|Publication number||US4564549 A|
|Application number||US 06/657,056|
|Publication date||Jan 14, 1986|
|Filing date||Oct 3, 1984|
|Priority date||Aug 18, 1980|
|Also published as||DE3175106D1, EP0046269A1, EP0046269B1|
|Publication number||06657056, 657056, US 4564549 A, US 4564549A, US-A-4564549, US4564549 A, US4564549A|
|Inventors||Takashi Suzuki, Koichi Shinohara, Masaru Odagiri, Takashi Fujita|
|Original Assignee||Matsushita Electric Industrial Co., Ltd.|
|Export Citation||BiBTeX, EndNote, RefMan|
|Patent Citations (6), Referenced by (7), Classifications (23), Legal Events (3)|
|External Links: USPTO, USPTO Assignment, Espacenet|
This application is a continuation of application Ser. No. 575,480 filed Jan. 30, 1984 now abandoned, which is a continuation of application Ser. No. 293,147 filed Aug. 17, 1981 now abandoned.
The present invention relates to a metal thin-film type magnetic recording medium and a process for fabricating the same.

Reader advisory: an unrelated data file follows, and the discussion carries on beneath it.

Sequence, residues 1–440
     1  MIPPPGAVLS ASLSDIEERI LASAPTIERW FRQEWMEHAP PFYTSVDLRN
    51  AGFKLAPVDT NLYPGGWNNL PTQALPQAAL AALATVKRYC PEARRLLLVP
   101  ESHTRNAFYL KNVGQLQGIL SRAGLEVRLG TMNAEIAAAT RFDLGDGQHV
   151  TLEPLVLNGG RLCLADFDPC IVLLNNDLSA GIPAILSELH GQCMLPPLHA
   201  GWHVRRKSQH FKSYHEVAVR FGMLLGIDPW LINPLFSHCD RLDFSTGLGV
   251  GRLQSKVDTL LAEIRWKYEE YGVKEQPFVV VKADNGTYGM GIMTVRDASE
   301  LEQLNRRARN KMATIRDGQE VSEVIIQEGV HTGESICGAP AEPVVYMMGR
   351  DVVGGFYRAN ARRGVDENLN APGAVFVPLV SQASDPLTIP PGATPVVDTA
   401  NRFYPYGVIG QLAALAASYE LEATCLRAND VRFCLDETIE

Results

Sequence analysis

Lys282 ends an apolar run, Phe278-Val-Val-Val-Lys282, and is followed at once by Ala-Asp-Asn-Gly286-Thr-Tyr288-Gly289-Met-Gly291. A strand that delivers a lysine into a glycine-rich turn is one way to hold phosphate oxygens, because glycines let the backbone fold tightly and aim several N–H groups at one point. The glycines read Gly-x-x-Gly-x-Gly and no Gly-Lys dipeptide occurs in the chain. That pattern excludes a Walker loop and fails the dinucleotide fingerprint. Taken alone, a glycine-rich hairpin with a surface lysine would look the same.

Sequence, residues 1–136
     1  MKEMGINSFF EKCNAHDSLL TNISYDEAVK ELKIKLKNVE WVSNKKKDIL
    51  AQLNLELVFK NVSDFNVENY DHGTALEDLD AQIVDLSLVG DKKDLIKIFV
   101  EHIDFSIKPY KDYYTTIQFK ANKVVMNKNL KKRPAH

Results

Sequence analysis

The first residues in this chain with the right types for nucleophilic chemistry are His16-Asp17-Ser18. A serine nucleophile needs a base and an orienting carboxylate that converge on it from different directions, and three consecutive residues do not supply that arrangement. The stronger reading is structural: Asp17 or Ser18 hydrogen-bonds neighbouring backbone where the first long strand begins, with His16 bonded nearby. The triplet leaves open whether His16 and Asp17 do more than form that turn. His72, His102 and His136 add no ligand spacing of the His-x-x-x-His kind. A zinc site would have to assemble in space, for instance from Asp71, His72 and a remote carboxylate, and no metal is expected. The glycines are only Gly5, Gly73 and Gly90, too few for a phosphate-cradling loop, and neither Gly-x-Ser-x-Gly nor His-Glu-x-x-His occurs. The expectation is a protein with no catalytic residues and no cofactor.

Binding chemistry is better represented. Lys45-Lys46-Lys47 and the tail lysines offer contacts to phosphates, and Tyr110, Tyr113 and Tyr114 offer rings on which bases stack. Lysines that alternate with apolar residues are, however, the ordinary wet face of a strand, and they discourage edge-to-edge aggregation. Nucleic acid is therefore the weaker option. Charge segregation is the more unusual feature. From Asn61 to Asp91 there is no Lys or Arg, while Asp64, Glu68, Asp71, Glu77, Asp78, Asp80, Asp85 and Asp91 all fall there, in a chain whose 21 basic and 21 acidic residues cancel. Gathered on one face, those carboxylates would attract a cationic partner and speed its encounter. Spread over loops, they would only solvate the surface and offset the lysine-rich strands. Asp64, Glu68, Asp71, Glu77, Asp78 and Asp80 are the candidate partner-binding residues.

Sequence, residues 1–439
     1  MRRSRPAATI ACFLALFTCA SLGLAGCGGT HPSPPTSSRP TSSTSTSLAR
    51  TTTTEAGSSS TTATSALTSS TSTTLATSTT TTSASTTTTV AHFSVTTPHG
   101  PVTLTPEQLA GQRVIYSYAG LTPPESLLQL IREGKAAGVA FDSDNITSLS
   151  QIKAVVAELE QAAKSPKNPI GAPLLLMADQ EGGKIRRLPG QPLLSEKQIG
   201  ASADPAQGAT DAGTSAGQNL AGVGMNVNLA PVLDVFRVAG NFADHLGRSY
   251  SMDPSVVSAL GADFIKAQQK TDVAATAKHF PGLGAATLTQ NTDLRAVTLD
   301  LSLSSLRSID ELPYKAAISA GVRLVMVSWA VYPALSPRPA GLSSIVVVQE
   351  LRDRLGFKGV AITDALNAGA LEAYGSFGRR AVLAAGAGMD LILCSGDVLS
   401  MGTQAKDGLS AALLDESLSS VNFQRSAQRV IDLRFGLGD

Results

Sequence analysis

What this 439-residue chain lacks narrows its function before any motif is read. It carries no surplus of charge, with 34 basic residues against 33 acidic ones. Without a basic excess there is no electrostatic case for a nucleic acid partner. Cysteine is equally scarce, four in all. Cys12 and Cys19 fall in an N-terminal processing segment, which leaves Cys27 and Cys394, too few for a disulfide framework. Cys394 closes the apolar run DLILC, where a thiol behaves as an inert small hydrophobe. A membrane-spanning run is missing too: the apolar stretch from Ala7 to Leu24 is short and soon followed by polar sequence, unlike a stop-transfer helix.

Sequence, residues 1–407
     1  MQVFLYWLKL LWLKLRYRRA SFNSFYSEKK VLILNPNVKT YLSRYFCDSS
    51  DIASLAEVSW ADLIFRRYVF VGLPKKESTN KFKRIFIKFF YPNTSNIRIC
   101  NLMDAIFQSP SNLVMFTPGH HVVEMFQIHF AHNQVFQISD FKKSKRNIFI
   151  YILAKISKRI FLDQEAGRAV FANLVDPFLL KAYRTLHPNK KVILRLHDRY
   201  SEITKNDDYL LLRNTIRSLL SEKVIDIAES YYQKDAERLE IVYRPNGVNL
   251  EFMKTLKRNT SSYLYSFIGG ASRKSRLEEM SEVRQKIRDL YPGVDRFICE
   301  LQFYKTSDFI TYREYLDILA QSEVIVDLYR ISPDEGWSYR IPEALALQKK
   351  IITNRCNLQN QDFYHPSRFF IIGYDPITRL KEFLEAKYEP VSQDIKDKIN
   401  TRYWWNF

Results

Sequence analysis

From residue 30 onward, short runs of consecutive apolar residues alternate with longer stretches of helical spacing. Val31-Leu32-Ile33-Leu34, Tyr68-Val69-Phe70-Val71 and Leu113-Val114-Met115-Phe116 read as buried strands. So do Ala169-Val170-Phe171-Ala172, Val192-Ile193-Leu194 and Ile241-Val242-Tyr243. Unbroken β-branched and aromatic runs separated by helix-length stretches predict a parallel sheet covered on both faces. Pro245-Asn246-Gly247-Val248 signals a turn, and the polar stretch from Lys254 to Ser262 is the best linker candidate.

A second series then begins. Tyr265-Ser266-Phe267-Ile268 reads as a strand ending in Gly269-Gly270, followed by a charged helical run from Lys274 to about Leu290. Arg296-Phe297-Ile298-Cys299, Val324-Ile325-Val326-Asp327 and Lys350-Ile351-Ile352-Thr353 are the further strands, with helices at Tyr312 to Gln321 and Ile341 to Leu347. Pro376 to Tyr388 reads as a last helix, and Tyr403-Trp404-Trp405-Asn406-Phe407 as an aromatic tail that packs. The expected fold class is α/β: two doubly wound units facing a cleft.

Ferromagnetic thin-film type magnetic recording media are prepared by forming a thin film of iron, cobalt, nickel or an alloy thereof by a vacuum deposition, sputtering or electroplating method over the surface of a high-molecular weight compound film. Such magnetic recording media have an advantage in comparison with over coated type magnetic recording media prepared by applying over the surface of a base or substrate a mixture of ferromagnetic particles and a binder in that the former have a far higher recording density than the latter. However, there are differences in hardness, mechanical strength and thermal properties between magnetic thin films and bases or substrates which are made of high-molecular weight compounds in the case of the fabrication of magnetic tapes or flexible magnetic disks. Therefore, during the fabrication process or in use, if the magnetic tapes or disks are subjected to forces or thermal stresses in excess of their permissible limits, magnetic thin films are easily cracked. Once cracks have propagated, head-contactability; that is, a degree of capability of a magnetic tape or disk to contact a magnetic recording-and-reproducing head, is degraded depending upon the configurations of cracks. As a result, wear of the magnetic head is accelerated and the thin film itself is rapidly damaged. In the case of the home video tape recorder, a magnetic tape is wrapped around a cylinder and rotary heads are used to record or reproduce video and audio signals. In the still-picture reproduction mode, cracks tend to develop in the direction in which the rotary heads rotate. These cracks adversely affect "still-picture-reproducibility-life; that is, a life of a magnetic film during which still pictures can be satisfactorily reproduced.